Paul was addressing the Gentile, the non-Jewish, part of this church. If you were not a Jew, then you were a Gentile. In the Old Testament there were two groups of people, the Jews and Gentiles. Israel was a special people to God who He set apart for Himself. God gave special revelation, grace, and things to Israel that He didn’t give to the rest of the world. They were a unique people in the story of God’s redemption. Everyone else was a Gentile.
They are Israelites, and to them belong the adoption, the glory, the covenants, the giving of the law, the worship, and the promises. 5 To them belong the patriarchs, and from their race, according to the flesh, is the Christ, who is God over all, blessed forever. Amen. Romans 9:4-5 (ESV)
The Jewish people had always played a central part in God’s story. Jesus Christ Himself was ethnically Jewish. His apostles were Jewish. The first followers of Christ were all Jewish. Once God began to save the Gentiles, people believed the Jews to be godlier. Even though both groups believed in Christ, both began to think Jewish people and culture must be superior. Gentiles must have been an afterthought.
Paul made it abundantly clear God has saved both Jew and Gentile through the same means and with the same access to the same Spirit, Savior, and Father.
He also wanted the Gentiles to remember what their lives looked like before they knew Christ.
Therefore remember that at one time you Gentiles in the flesh, called “the uncircumcision” by what is called the circumcision, which is made in the flesh by hands— 12 remember that you were at that time separated from Christ, alienated from the commonwealth of Israel and strangers to the covenants of promise, having no hope and without God in the world. Ephesians 2:11-12 (ESV)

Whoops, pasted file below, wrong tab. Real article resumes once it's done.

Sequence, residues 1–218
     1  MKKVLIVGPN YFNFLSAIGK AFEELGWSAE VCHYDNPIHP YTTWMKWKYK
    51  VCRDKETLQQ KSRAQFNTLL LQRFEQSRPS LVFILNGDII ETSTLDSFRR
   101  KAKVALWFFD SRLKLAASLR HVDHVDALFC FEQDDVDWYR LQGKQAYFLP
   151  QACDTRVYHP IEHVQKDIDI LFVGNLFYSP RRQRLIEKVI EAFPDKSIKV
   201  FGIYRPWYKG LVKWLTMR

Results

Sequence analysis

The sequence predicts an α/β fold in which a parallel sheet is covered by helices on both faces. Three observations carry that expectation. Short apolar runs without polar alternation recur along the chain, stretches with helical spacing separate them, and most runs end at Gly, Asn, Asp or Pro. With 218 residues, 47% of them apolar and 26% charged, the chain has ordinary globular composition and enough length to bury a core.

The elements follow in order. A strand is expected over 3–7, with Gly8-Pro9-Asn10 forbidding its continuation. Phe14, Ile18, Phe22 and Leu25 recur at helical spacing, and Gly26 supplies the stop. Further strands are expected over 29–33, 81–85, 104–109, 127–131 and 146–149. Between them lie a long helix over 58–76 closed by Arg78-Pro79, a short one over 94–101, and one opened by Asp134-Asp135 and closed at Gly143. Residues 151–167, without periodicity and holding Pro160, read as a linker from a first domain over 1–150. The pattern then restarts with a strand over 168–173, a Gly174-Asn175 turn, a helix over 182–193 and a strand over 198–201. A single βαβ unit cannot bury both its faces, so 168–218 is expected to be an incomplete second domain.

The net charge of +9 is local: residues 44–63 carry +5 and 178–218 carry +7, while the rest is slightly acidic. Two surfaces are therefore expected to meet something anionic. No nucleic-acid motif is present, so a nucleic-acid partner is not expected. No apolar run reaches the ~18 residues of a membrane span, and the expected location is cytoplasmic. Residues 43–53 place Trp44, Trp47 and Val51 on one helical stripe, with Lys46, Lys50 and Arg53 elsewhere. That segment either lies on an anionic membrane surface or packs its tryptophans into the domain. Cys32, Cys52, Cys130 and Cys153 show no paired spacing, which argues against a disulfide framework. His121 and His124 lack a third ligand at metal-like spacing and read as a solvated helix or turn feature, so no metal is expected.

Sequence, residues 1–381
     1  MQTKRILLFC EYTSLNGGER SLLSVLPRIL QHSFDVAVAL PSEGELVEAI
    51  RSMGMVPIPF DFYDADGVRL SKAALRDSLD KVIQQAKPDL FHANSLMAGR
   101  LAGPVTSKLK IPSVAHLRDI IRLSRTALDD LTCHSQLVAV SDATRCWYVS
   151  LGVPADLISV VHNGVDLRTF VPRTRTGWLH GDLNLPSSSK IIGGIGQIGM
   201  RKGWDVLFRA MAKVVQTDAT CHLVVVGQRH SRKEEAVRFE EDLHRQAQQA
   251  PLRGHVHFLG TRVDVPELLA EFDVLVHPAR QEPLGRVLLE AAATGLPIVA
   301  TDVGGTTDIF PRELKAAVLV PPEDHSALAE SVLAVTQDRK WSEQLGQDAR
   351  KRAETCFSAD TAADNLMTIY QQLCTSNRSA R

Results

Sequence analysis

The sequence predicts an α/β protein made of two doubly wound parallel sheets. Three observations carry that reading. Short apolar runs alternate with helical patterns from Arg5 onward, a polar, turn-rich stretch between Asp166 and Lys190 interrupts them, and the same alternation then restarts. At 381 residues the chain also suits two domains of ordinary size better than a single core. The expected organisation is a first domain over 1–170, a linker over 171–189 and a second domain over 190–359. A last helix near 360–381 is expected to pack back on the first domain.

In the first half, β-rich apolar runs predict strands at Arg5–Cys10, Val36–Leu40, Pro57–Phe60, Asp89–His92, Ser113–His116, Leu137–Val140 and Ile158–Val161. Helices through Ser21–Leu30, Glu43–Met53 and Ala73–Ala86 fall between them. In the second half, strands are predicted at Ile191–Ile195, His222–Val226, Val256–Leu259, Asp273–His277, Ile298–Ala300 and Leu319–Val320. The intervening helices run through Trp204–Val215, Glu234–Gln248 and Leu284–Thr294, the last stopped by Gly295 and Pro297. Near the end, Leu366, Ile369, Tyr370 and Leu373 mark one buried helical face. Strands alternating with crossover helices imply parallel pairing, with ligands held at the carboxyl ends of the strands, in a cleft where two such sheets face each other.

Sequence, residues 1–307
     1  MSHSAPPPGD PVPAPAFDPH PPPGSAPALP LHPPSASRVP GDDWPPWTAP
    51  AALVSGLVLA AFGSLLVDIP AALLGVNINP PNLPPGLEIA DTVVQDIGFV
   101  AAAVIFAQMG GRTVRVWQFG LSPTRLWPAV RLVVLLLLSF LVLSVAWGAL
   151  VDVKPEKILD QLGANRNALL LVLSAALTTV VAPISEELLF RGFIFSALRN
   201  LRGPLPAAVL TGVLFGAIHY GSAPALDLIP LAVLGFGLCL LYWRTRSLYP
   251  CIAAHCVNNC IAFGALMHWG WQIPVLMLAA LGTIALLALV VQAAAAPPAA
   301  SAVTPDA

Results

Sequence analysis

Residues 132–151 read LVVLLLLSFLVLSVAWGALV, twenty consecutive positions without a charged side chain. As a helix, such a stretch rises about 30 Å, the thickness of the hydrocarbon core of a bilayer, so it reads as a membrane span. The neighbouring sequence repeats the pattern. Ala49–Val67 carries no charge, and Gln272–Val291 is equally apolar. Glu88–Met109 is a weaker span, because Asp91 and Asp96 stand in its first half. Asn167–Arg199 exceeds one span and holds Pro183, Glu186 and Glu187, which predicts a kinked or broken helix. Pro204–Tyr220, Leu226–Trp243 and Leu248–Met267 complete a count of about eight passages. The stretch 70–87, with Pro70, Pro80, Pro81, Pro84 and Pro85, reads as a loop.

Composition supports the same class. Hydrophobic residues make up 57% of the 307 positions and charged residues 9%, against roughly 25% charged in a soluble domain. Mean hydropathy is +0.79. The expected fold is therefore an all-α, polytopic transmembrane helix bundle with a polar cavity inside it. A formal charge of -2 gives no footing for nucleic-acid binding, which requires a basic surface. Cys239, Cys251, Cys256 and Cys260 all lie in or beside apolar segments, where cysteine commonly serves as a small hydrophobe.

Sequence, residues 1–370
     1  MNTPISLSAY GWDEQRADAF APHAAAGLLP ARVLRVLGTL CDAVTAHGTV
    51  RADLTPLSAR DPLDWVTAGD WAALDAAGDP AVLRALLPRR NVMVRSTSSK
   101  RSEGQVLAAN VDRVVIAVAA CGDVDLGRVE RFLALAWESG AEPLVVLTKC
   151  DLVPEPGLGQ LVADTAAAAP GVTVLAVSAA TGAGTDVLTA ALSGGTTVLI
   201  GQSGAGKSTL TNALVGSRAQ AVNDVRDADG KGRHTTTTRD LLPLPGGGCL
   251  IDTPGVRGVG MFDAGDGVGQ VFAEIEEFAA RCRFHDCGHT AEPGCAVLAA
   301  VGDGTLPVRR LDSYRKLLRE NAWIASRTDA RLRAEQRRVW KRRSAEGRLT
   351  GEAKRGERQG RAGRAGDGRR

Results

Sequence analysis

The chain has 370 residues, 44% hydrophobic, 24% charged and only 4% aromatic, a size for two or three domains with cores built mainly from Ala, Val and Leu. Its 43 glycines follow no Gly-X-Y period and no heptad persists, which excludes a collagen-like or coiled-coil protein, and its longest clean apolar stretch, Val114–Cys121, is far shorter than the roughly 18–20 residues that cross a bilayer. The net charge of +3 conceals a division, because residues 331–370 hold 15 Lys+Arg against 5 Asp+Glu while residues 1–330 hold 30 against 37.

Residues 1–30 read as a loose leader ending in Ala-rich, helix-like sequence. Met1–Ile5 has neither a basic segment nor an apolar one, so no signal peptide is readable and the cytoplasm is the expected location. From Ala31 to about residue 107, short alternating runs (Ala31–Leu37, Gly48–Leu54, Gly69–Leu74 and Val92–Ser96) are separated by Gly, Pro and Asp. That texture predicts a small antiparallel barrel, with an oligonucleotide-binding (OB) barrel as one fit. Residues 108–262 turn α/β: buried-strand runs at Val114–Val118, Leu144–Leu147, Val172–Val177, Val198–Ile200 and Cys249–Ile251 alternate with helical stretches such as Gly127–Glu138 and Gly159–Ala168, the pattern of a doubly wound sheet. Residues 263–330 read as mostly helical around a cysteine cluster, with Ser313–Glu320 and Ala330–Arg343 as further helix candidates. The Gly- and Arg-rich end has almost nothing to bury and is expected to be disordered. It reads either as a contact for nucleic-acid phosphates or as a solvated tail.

Paul told them twice to remember. They had not always had the love and grace of God. All the promises given in the Old Testament, including the ones about a coming Messiah, had been given to Israel, not to them. There was nothing they could do to change their status.
We were separated from Christ, alienated from the commonwealth of Israel, strangers to the covenants of promise, “having no hope and without God in the world.”
This is a massive claim of a very grim reality. You and I read it and just gloss over it. But Paul wants us to sit in the reality that we had zero hope and God was absent from us. This is the state of every human being before God without Christ, whether Jew or Gentile.
Does, “without God in the world,” mean God was absent from us completely? It’s important to understand the nuance of this statement. If we don’t, we’ll miss the weight of it.
Paul doesn’t mean there are people and places where God is not. We know clearly that He is everywhere. One of His character traits is being omnipresent; He’s everywhere, all the time. We also know God is in the world in various ways for both believers and non-believers.